Jerome Clark's career rise was steady and conventional until 1985, when it turned meteoric.
John A. Murphy had just become Prince George's County's new superintendent of schools. He had pledged to revolutionize a second-class school system that was predominantly black after more than a decade of white flight, and he was looking for help. He decided Jerome Clark had the right stuff.
"I liked his management style. I liked his aggressive nature," said Dr. Murphy. "He was the kind of person who was willing to disagree and challenge and not be just a yes man."
Overnight, Dr. Clark, then an administrative assistant to one of the county's assistant superintendents, became associate superintendent for personnel: a key position for a school system that needed to build quality. It is a position he still holds.
Over the next six years, as Dr. Murphy made himself a national reputation and put a new gloss on Prince George's County schools -- a system about the size of Baltimore's -- Dr. Clark was part of the team that made it happen.
The experience has both shaped and reinforced this 48-year-old educator's philosophies. His views echo some of the views that helped Dr. Murphy win accolades in urban education -- a field that is more commonly littered with recriminations.
For instance, Dr. Clark believes principals and individual schools must be at the heart of reform, and reform must be undergirded by sound educational models. Change begins as a state of mind: A school system has to be brought to believe in its strengths and then build on them. All children can learn, and if they're not learning, the responsibility lies with the schools.
The Prince George's experience is wedded with Dr. Clark's own strong beliefs and forceful personality. He believes in cementing relationships to build consensus around a school's push to succeed. He thinks key ingredients are business and industry -- consumers of what schools produce -- and ministers, who can extend their congregations' devotion to the cause of educational excellence.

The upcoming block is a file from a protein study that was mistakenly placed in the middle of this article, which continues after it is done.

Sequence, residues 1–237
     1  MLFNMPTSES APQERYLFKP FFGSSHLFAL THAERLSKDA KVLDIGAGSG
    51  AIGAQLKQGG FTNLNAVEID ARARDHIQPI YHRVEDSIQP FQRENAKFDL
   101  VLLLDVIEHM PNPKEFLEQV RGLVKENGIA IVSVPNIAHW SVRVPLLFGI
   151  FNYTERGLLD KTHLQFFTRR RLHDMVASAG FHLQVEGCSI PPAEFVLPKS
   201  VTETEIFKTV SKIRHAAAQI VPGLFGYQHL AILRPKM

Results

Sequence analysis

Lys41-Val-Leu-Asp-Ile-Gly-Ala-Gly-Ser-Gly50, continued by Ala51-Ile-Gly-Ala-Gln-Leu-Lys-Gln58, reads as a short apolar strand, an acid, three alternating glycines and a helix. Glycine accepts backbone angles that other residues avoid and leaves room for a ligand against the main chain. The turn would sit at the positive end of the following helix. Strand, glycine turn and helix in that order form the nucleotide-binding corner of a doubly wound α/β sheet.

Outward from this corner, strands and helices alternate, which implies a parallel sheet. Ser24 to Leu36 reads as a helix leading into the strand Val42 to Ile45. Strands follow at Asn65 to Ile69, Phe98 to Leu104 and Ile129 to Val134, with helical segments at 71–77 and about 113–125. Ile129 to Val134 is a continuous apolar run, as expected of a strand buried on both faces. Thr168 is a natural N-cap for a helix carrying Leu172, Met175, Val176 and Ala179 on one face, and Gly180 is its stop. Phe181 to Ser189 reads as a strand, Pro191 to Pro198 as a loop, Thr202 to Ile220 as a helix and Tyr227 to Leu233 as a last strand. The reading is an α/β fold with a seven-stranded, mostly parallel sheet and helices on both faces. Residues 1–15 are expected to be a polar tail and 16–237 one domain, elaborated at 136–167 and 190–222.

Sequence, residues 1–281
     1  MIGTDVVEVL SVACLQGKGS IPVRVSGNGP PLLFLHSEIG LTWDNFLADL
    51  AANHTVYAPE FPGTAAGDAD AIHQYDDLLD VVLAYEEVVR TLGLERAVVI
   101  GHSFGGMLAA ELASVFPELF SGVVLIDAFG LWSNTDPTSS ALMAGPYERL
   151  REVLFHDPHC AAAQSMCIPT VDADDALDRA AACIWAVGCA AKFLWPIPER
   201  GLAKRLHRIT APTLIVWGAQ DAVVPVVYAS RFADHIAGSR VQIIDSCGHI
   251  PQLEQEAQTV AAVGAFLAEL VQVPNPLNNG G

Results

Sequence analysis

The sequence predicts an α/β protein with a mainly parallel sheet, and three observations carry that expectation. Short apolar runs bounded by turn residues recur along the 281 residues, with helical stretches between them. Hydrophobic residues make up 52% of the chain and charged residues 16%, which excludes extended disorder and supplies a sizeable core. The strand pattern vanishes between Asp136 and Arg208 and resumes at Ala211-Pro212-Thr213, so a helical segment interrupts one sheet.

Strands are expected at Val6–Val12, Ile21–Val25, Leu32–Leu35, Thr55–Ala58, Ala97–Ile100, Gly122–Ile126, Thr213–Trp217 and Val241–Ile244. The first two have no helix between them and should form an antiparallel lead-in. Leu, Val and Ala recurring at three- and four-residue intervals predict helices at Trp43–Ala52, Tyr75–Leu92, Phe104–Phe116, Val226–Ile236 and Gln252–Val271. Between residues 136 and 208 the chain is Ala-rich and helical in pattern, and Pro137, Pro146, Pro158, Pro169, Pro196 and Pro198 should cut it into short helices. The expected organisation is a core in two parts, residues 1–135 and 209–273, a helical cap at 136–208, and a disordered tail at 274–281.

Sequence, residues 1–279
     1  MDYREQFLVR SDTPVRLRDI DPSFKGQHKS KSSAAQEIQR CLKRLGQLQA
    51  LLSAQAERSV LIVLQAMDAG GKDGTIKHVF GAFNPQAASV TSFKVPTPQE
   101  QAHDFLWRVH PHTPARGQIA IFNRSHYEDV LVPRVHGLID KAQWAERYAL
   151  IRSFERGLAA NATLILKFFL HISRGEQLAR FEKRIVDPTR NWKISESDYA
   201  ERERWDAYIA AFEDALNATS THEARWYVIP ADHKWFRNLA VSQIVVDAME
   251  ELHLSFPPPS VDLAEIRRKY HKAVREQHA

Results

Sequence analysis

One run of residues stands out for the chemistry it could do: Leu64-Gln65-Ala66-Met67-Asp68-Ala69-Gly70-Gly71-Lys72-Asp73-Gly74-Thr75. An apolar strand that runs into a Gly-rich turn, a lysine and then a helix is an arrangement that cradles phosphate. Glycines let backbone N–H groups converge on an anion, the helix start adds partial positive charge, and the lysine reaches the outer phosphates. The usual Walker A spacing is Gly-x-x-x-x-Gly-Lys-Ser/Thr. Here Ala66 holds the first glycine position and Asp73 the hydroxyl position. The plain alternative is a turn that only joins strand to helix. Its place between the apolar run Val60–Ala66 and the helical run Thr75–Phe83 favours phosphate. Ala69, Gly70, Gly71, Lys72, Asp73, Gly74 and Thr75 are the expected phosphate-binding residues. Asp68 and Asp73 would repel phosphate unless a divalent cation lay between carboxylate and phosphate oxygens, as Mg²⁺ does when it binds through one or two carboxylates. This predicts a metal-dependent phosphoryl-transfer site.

"To me, we've got to declare this thing for what it is," he said. "This is a war. We've got to establish a beachhead, and we do that by coming together collaboratively."
He thinks Effective Schools -- a national educational model in place in Prince George's, which places great emphasis on local control -- is a solid theoretical basis for change. Local control is Baltimore's chosen centerpiece for reform.
Dr. Clark does not forget his roots as a teacher -- he taught sixth grade for 11 years.
"A lot of people may not agree, but I think first of all a superintendent has to be a technician. You have to understand good teaching," he said.
"I was a good teacher," he said, recalling how he used to start out the school year by mustering students' parents, who would then be asked to pledge to meet with him each month.
Marjorie Spirer, president of the Prince George's County Educators' Association, believes Dr. Clark's teaching experience is part of the reason why he is effective. Thanks to him, the number of disputes between teachers and administration referred to outside arbitrators has dropped considerably, she said.
"I think he has vision, and I think he understands instruction," she said. She added, "He is a people person as well, so he tries to handle things with a minimum of friction, knowing that friction can come back and haunt you later."
Dr. Clark has lived in Maryland for 21 years. His wife, Karen, teaches in Prince George's County, and they have a 4-year-old son.
He started as a teacher at Beltsville Elementary and was later a principal and then administrative assistant to the assistant superintendent charged with the operation of 90 county schools.
Beverly Beander, immediate past president of the county's Council of PTAs, had a chance to work closely with him as a member of the county's panel on black male achievement -- a group that had its genesis in a proposal of Dr. Clark's.
"I was not disappointed," said Ms. Beander. "When you've been in the PTA business a while, you can tell if it's a vocation or an avocation. And with him it's both."
Dr. Clark is also a candidate in Prince George's County, which stopped accepting applications for a new superintendent April 15. He applied for the Prince George's job in 1984 and for the Baltimore job in 1988. In both cases, those cities opted for candidates who had previously been superintendents.
Baltimore has shifted its emphasis in this search -- seeking stability in a chief with ties to the region.
"See, my roots are in Maryland," Dr. Clark said. "I'm not going anywhere. And if I come in here to fight, I'm in there for the duration."